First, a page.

This third meeting took place in Canada’s Yukon Territory, beautiful country. I was learning to identify the trees that grow in the far North; white spruce, willows, alders, aspens, birch, and cottonwoods. There are others but these seem to predominate. I camped for the night at Teslin Lake which is long and narrow and parallels the Alaskan Highway for a considerable distance. Very few people lived in that region. I imagine its pretty severe in the winter, and in July, I can tell you, the mosquitoes are out in full force.

At this point, I spent a lot of time studying maps to decide which way to go after my mail call at Prince George. The distances were much greater than I had realized. All the miles covered by ferry on the way up now had to be traversed on the road. I could go more or less straight south and connect with I-5 at the Washington State border, but I’d been down I-5 several times before and I wanted to see something different. The other choice appeared to be the Yellowhead Highway toward Calgary.

On the 18th I finally got off the Alaskan Highway and onto Hudson’s Hope Loop. It ran through the scenic Peace River Valley. Here the land was pastoral interspersed with forest. I found a spot down by the river in a steamy, lush, bucolic setting. Because of a noticeable lack of mosquitoes, I got out my shorts and decided to chop some wood for a campfire that a previous party had left. I was working with my shirt off to get some Sun, and as soon as I set to work, a cloud came over and it started to rain. “Okay,” I thought, “I’ll wash the van instead.” But no sooner had I got out my brush and started to work than it stopped raining, and remained cloudy, very perverse weather. It was still warm so I limped down to the river with my wastepaper basket. I figured if I could take a bath out of a plastic basin the van could get washed out of a plastic wastepaper basket. It’s definitely the hard way to wash a van and took a number of trips. I did manage, however, to get enough of the Alaskan Highway off that I could once again see its deep rich brown.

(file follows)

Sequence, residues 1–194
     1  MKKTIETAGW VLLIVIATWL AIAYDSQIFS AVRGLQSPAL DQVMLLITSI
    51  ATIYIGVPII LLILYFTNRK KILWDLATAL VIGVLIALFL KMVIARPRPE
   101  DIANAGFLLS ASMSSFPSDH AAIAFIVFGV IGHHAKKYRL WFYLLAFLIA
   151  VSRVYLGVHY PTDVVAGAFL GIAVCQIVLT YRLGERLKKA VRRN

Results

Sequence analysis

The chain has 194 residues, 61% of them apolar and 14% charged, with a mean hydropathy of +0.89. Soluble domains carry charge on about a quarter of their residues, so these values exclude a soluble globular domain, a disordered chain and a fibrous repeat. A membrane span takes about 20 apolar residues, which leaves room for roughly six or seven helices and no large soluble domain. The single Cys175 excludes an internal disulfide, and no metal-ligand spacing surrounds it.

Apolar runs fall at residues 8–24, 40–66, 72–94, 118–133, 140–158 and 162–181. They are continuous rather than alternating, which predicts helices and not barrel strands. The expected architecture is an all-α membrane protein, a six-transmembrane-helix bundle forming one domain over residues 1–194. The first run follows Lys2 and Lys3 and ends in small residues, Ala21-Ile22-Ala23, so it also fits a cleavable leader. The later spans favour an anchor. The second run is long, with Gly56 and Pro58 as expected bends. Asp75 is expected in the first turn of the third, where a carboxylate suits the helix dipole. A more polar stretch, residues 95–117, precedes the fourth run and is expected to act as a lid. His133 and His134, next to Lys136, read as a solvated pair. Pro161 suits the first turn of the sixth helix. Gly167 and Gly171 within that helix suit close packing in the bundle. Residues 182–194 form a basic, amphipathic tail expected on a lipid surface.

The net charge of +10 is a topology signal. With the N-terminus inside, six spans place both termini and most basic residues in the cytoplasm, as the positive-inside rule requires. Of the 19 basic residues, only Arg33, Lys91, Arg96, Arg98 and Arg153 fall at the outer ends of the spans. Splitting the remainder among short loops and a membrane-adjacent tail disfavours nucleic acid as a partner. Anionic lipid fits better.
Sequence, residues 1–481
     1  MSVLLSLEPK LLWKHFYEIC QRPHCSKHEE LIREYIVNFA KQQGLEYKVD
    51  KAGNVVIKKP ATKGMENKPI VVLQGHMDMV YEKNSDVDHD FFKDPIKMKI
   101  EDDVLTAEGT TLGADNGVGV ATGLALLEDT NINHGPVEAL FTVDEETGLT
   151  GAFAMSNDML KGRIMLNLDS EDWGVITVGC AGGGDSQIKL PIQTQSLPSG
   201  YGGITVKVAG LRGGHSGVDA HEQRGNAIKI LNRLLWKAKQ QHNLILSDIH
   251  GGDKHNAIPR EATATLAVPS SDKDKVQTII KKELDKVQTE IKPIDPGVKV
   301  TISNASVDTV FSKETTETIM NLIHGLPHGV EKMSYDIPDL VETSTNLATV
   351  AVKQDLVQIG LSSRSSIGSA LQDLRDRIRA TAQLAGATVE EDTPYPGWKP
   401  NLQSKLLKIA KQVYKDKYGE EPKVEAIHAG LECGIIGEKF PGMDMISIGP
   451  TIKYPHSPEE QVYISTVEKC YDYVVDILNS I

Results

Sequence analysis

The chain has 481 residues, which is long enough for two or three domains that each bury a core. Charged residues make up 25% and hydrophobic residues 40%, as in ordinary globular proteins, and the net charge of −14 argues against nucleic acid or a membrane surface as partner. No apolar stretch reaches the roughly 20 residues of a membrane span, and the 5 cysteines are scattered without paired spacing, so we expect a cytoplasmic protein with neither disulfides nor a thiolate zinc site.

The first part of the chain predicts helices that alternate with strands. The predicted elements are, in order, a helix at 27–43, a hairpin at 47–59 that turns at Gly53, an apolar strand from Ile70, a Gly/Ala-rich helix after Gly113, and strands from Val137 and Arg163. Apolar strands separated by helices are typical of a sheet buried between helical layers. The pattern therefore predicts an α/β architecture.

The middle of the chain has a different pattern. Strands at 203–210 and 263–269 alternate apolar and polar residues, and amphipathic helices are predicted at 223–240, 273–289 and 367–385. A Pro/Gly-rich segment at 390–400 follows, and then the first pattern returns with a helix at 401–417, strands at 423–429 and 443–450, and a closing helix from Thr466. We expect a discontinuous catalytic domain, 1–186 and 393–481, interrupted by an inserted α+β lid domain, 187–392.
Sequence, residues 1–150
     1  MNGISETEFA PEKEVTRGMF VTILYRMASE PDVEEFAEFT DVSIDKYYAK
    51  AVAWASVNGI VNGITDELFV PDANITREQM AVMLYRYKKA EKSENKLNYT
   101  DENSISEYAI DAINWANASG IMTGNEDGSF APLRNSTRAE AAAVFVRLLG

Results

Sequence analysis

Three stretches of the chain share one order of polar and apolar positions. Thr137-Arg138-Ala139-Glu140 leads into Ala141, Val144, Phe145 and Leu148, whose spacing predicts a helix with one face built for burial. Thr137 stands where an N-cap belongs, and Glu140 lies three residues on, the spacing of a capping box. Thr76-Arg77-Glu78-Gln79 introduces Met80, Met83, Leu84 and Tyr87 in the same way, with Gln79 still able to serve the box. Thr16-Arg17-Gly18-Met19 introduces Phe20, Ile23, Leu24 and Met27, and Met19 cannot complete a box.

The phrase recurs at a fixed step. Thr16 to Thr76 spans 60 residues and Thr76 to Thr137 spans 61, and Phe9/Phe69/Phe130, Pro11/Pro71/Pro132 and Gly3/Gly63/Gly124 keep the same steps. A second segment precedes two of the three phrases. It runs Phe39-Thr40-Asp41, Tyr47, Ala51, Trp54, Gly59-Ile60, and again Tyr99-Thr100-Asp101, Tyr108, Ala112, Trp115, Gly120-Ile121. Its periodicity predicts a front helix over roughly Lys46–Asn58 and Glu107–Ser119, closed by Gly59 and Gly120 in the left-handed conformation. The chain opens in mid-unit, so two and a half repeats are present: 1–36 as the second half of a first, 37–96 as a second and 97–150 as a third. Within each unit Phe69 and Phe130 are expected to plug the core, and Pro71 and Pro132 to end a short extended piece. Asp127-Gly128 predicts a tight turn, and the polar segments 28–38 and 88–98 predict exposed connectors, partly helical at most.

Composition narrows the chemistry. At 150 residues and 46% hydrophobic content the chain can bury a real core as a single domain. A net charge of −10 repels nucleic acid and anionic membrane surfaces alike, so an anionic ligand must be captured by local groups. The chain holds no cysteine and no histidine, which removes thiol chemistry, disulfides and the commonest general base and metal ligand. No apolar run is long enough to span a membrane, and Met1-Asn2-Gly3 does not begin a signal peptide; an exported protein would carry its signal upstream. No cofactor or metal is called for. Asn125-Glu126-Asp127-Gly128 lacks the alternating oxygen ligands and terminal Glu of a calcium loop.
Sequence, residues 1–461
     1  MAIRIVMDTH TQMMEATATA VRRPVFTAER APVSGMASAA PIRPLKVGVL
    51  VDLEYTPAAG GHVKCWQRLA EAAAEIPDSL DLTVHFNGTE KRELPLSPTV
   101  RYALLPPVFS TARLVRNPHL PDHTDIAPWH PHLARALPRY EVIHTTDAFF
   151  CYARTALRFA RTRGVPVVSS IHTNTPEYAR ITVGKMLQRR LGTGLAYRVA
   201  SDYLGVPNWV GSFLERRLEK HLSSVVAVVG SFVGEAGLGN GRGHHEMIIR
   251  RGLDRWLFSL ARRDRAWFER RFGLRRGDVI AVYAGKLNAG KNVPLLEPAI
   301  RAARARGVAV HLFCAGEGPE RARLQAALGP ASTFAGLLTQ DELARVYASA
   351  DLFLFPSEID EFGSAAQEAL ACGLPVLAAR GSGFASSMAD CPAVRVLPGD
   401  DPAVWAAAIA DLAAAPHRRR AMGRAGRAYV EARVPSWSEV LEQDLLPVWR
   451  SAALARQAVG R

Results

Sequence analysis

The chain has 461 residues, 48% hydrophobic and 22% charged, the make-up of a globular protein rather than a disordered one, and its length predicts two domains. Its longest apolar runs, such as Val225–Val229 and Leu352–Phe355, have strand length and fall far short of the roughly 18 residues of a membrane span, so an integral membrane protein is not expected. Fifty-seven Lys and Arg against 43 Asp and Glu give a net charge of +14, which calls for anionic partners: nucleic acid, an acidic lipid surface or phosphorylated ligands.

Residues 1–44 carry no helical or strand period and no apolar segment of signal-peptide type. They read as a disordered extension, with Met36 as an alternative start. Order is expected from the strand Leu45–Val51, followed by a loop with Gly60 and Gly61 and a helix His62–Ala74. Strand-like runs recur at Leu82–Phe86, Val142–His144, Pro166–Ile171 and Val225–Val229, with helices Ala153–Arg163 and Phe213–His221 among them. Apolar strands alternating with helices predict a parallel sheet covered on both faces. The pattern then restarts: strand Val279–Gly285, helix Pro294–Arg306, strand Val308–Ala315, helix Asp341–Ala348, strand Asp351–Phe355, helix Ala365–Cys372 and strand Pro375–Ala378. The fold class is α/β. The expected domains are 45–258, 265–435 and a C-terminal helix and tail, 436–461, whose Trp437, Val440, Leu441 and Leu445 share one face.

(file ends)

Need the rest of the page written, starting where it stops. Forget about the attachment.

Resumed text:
I arrived in Prince George, B.C. on Sunday, July 20th and decided to stay at a KOA in order to get a shower and do some laundry. At this point I started to experience some night again. I could see stars, but even so there was still a dull glow to the north at midnight like the loom of a large city.

I picked up some mail the following day and then headed east on the Yellowhead Highway to connect with the Icefields Parkway through Jasper and Banff National Parks in the Canadian Rockies. The scenery between Jasper and Banff is spectacular! It was well worth going a few extra miles to see. The Canadian Rockies are definitely the real thing! I had hoped that Banff would have some galleries. When I arrived, my first impression was of a tourist spot on the order of Carmel, California, but with a Rocky Mountain setting. The setting is beautiful, however, there are no galleries. Except for the museum, there were only a few gift shops and native craft outlets that called themselves galleries, none of the real thing. I looked in a phone book but there were no yellow pages. I hiked all over town until my knee hurt so much I had to stop. Then I drove around some more. I still don’t understand why, but it had been the same story in Jasper. One reason I had decided on this route was the prospect of some needed art sales. Expenses were ahead of income again and this time they were way ahead.

In the morning I got into a driving mood. Walking was still painful. I drove 450 miles and crossed the border into the USA at the panhandle of Idaho. Immediately after crossing the border I ran into a storm. What a welcome home. . . thunder and lightning, rain, hail, and wind! But I kept on and soon my traveling companion the Sun came out again. There is a not so subtle difference between the two sides of the border at this crossing. The Canadian side is mainline B.C., but the U.S. side is backwoods Idaho. Another difference was the prices. I had dinner in Bonner’s Ferry, Idaho for half what it would have cost in B.C. even considering the exchange rate.

Driving down #95 through a series of small towns I began to notice the churches. I saw Mennonite, Seventh Day Adventist, Pentecostal, and Southern Baptist. With the possible exception of the last, these are not exactly main stream denominations. A number had signs in front announcing the subject of the next sermon. There was a strident quality to these messages very unlike the gentle faith of the farming couple from Nebraska. Then there was the large billboard that read:


All of this, together with the fact I had just entered the U.S. from a foreign country, started me thinking about the parallels between interpersonal and international relations. The eventual result can be read here.

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Monday, September 7th, 2009 Chapters 11 — 20 No Comments